An Alternative Guide to Great Movies: To Die For (1995)
- Credit: Archant
Films with re-watch value, movies with a unique quality, will become the classics of the future. Arts editor Andrew Clarke presents a series of idiosyncratic suggestions for movies that may entertain if you are in the mood for something different.
To Die For; dir: Gus Van Sant; starring: Nicole Kidman, Matt Dillon, Joaquin Phoenix, Casey Affleck. Cert:15 (1995)
If the Australian thriller Dead Calm announced the arrival of Nicole Kidman as someone to watch, it was Gus Van Sant’s psychological thriller that made her a star. It also set out her stall as a Hollywood A lister who also wanted the freedom to make edgy, slightly off-the-wall indie movies. In many ways To Die For is a template for the rest of her career.
This is also celebrates the fact that this is a thriller which has a woman at the heart of the action. She is living life on her terms, she is in charge of her own ambition and she certainly has no time for being an adornment for a male partner – either personally or professionally.
The fact that she is dangerously unbalanced is neither here nor there. Suzanne Stone (Kidman) is a woman who takes charge and needs to be the mistress of her own destiny.
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She displays all the attributes of a high-flying business executive but when we meet her she is the weather presenter on a small-town TV station.
TV is good, TV is a start. It provides her with exposure. It gets her noticed but we quickly realise that local TV is but a stepping stone. She wants to become a celebrity, she wants to be featured in the gossip magazines she sees at the supermarket checkouts.
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However, there is one thing holding her back. She has married the wrong man. A rare mis-step has seen her hitched to Larry Maretto (Matt Dillon). Larry is a humble bartender in his father’s restaurant and being a good Italian-American he wants to start a family.
This is the last thing Suzanne needs. This is a woman so ambitious that she organises her honeymoon to be in Florida, so she can attend a media conference while he new husband goes fishing. She also doesn’t hesitate to sleep with a powerful TV executive (George Segal) at this conference because he tells her that one of her heroes slept with him and he enabled her to write her own reference.
The newly married Suzanne Stone has no qualms about using sex to get ahead and quickly comes to the conclusion that her nice but dim husband also has to go.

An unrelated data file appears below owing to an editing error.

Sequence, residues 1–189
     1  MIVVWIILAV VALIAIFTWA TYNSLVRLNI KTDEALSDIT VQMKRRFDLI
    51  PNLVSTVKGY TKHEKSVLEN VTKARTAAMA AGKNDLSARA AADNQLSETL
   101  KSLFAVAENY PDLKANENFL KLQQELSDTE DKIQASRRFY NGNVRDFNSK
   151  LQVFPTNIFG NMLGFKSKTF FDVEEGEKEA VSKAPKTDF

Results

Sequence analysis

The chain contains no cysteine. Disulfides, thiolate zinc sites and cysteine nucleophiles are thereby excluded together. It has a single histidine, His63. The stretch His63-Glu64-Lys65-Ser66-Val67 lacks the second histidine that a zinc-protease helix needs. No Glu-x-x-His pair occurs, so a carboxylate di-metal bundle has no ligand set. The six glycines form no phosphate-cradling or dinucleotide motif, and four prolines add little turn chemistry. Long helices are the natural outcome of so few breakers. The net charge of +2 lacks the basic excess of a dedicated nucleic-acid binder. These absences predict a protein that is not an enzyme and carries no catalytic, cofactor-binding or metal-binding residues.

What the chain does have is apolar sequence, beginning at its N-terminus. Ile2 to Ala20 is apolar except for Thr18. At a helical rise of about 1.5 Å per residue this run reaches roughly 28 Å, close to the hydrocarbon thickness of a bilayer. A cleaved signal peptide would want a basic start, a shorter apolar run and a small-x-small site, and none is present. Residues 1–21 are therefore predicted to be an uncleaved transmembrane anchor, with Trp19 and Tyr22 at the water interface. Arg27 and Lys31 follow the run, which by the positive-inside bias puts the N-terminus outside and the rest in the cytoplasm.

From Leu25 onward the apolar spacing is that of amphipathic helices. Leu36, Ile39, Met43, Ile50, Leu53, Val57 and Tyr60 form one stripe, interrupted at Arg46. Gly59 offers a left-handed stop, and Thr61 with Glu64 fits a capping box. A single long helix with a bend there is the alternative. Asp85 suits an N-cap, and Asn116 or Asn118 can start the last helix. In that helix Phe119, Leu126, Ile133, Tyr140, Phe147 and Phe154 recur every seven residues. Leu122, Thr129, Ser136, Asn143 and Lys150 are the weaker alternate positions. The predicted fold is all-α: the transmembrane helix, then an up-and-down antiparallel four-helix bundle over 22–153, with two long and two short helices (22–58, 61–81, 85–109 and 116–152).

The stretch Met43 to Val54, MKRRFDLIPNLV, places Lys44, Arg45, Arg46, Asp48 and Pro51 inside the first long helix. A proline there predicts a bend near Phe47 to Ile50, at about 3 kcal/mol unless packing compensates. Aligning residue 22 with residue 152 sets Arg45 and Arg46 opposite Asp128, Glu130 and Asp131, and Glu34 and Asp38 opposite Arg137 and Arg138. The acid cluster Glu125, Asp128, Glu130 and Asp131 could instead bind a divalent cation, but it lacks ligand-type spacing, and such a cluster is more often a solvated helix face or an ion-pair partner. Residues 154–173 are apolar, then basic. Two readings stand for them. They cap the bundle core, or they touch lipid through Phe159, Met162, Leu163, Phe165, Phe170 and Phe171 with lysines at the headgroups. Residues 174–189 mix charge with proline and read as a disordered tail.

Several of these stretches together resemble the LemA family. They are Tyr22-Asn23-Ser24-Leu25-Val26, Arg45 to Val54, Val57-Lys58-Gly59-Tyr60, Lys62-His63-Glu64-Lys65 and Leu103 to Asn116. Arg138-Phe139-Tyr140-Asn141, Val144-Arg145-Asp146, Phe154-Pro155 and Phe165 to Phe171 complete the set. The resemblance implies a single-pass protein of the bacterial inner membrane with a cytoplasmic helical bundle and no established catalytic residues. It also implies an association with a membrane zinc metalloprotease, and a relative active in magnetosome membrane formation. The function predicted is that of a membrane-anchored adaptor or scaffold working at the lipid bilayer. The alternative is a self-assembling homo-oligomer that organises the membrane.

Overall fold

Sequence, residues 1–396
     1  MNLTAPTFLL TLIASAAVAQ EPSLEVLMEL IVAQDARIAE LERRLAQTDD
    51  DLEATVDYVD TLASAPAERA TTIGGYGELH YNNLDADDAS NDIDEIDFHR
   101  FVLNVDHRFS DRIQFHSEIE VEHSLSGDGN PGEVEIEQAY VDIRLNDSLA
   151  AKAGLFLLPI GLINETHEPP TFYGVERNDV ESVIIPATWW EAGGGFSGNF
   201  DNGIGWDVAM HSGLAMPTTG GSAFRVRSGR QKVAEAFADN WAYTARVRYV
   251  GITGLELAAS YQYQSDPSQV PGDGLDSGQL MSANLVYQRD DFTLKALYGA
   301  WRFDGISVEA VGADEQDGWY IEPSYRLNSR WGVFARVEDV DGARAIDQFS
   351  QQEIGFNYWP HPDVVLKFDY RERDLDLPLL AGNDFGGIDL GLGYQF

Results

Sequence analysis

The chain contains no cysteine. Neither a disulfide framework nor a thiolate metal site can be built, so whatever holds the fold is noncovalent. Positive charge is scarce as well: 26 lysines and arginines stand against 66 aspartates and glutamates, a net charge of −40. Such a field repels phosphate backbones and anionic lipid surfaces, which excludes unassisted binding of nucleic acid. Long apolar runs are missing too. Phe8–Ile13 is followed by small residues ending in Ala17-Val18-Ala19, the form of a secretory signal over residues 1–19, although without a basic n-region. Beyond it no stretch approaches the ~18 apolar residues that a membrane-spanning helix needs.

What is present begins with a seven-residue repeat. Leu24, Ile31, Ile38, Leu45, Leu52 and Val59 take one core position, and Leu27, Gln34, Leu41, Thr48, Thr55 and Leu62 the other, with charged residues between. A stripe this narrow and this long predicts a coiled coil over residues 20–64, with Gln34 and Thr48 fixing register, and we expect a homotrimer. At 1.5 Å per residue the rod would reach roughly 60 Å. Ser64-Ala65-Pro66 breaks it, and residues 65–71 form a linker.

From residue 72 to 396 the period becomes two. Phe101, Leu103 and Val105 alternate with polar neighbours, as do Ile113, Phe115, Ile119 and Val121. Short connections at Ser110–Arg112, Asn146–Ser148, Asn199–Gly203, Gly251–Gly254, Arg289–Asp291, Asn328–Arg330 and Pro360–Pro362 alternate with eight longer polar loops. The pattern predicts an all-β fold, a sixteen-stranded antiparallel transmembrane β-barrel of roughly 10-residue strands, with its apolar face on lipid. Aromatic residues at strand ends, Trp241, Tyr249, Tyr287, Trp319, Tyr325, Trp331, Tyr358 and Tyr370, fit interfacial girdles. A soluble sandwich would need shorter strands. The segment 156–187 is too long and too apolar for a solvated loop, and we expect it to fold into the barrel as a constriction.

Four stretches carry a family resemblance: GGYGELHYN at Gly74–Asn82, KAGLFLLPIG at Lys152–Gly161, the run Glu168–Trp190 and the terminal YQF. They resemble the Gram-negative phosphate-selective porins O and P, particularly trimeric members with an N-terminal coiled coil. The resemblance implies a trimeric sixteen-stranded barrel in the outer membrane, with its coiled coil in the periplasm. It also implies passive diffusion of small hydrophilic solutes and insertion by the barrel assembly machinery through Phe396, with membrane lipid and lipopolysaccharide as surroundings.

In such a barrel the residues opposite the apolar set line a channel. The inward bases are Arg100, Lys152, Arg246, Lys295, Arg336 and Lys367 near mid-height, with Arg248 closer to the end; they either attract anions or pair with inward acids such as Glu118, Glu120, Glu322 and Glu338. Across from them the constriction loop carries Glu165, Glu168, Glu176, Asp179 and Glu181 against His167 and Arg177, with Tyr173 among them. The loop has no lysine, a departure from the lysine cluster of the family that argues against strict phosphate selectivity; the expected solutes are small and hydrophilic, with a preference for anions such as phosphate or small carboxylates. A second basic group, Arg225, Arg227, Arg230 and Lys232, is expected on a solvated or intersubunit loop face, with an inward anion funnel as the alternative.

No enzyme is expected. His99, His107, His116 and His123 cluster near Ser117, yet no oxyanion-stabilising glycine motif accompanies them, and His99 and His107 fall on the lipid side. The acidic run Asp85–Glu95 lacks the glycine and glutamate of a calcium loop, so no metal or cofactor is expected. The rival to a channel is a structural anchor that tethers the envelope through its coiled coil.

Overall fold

Divorce is out of the question because she will lose the house and the sympathy of the public she wants to adore her. The answer to her dilemma is simple and brutal. She befriends three airheads from the local high school: Jimmy (Joaquin Phoenix), Russell (Casey Affleck) and Lydia (Alison Folland) and persuades them to dispose of her unsuspecting other half.
If all this sounds a little bleak then the plot doesn’t represent the brilliant black humour that explodes out of Buck Henry scripts and it doesn’t reflect Nicole Kidman’s brilliant, multi-layered performance as Suzanne.
This ambitious weather girl is a monster but she is a fascinating monster. She seduces the audience just as easily as she bewitches her prospective employers. Nicole’s towering achievement is turning what could have been a one-dimensional villain into a complex and compelling, vain and egomaniacal character who we can’t take our eyes off. The reason for this is that she is also vulnerable and human.
Gus van Sant also recognises this and he delivers a similarly bravura performance behind the camera, telling the story in a pseudo-documentary style, jumping-cutting, mixing interviews and flashbacks and giving the film bags of energy and a real identity.
He also resists the temptation to play this outrageous story as farce. That would be the easy option but instead opts for something darker, funnier and more rewarding: a very black satire on the modern desire for fame and celebrity at any price.
If Kidman steals centrestage, Matt Dillon and the supporting cast turn in nicely judged supporting performances which understand the story being told. Dillon and Joaquin Phoenix both offer slyly comic character studies.
But, this is Kidman’s movie. It will probably be her career-best performance, it is certainly the best script she has had to work with so far. Suzanne Stone gleefully tells us that she is a graduate in electronic journalism. Her clothes, her makeup, her hair, her speech prove to us that she is always camera-ready. In a chilling self-revelatory moment she tells us: “What’s the point of doing anything worthwhile if people aren’t watching?” In the age of You Tube and social media To Die For is a story which is frighteningly more relevant now than it was 20 years ago.